Talk about a case of misplaced priorities

I am not a fan of social gatherings and as such I only attend those that I must. Not too long ago I and a few dear ones were musing at one such gathering. We lost a close friend and oh my, her children went out of their way to turn this into a showcase of sorts. Mini parades, state of the art coffin, themed funeral accompanied with a five course meal.

Not that I have a problem with a flare of gestures, in another world I would applaud this clout had I not known the inside story.

You see, these children could partly have been the cause of their parent’s demise. Although they lived far from her, the few times they would visit, they would first check into classy hotels wining and dining with friends weeks on end before finally making a stopover at home on their way to the airport.

Their parent would beg from relatives and friends in order to have a decent meal. When she did fall sick, her children would at times refuse to send help telling all and sundry “that one is like that, she will be fine.”

In fact, those who were at their parent’s deathbed tried in vain to persuade the children to see their dying parent. So it really came as a surprise when the children decided to throw a mega fete at their parent’s funeral.

It really beats my understanding. Who were they trying to please? I mean when it really mattered, caring for their parent and saving their life they did not rise to the occasion.

However, when it came to parent’s send-off they outdid themselves. I believe it was useless considering their efforts could not in any way bring the deceased back to life. Maybe they were trying to mend fences, albeit too late.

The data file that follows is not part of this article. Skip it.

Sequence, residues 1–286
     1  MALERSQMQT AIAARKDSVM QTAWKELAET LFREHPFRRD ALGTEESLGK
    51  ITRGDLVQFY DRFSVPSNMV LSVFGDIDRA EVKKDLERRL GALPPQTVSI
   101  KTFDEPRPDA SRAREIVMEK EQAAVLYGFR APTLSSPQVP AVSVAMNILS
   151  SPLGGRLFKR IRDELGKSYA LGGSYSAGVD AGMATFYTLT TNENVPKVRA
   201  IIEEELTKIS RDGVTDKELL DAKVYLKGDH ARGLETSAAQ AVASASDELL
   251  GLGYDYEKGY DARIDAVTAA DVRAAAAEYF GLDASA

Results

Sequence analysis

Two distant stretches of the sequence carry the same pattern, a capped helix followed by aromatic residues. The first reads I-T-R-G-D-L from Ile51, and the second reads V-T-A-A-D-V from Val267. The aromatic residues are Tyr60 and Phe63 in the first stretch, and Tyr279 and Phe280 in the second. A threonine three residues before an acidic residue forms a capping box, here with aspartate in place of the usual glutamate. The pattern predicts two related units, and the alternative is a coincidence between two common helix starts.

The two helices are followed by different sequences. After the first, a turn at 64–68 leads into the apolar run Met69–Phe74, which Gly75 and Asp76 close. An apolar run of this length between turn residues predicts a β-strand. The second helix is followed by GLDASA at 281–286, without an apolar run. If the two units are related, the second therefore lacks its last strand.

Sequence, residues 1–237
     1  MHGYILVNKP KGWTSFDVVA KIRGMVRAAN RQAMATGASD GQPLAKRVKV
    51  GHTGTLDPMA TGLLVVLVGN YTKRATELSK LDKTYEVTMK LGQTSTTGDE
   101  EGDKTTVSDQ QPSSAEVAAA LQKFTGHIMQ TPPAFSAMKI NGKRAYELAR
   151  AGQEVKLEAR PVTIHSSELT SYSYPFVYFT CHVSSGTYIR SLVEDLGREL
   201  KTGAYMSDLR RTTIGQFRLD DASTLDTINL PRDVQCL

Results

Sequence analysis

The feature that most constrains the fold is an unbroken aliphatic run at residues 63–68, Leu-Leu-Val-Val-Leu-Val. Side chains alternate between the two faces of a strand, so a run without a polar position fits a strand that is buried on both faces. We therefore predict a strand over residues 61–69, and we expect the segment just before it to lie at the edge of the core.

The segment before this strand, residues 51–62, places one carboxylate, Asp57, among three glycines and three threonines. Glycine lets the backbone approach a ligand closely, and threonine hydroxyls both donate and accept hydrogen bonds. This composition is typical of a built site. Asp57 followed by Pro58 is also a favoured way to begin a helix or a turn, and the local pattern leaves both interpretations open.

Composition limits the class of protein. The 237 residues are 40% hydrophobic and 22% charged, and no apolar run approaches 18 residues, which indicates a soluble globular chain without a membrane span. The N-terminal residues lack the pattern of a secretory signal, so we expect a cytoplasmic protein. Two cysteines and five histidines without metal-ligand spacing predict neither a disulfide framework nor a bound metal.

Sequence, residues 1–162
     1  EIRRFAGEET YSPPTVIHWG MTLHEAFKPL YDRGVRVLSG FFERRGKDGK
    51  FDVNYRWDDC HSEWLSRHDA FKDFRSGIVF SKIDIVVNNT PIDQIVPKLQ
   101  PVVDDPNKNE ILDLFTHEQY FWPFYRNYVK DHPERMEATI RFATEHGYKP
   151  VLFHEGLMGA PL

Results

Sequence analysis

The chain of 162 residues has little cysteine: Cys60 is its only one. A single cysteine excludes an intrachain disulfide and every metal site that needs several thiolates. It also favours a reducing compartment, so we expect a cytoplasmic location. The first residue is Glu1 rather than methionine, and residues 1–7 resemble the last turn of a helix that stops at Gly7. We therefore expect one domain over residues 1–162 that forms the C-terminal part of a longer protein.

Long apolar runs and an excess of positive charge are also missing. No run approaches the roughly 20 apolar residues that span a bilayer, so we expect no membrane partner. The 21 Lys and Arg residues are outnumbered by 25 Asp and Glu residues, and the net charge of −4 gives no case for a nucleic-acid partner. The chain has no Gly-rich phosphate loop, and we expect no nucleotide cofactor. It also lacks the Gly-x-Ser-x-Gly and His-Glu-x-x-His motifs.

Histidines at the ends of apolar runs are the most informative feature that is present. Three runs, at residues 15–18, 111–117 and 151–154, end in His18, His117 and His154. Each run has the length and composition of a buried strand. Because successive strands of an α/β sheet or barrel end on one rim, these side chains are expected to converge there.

These children are not alone
It reminds me of how many times as human beings we concentrate on trivialities instead of looking at the big picture.

Think of the contractor who builds a public bridge with substandard materials forgetting that at one time they or their loved ones could end up perishing on the death trap they have created.

How about public officials who channel public funds to personal accounts forgetting that the funds could actually improve the standard of living in the country as a whole. Okay, maybe that is farfetched, how about those parents who never buy the basics in a home but somehow manage to pay hospital bills when the children fall sick?

Something that would have been sorted by a few shillings and probably kept in family confines suddenly leaves you exposed. I guess when these actions are carried out, it is believed that their effects will not see the light of day, but as history has proved, nothing can remain under wraps forever.

As you settle the hospital bill, arraigned before courts of law or as you hold a five-course meal funeral, all those present may sympathise with your misfortune but at the same time they will also criticise you for simply being a show-off.

 

By Sheilla Wambogo

swamboga@ug.nationmedia.com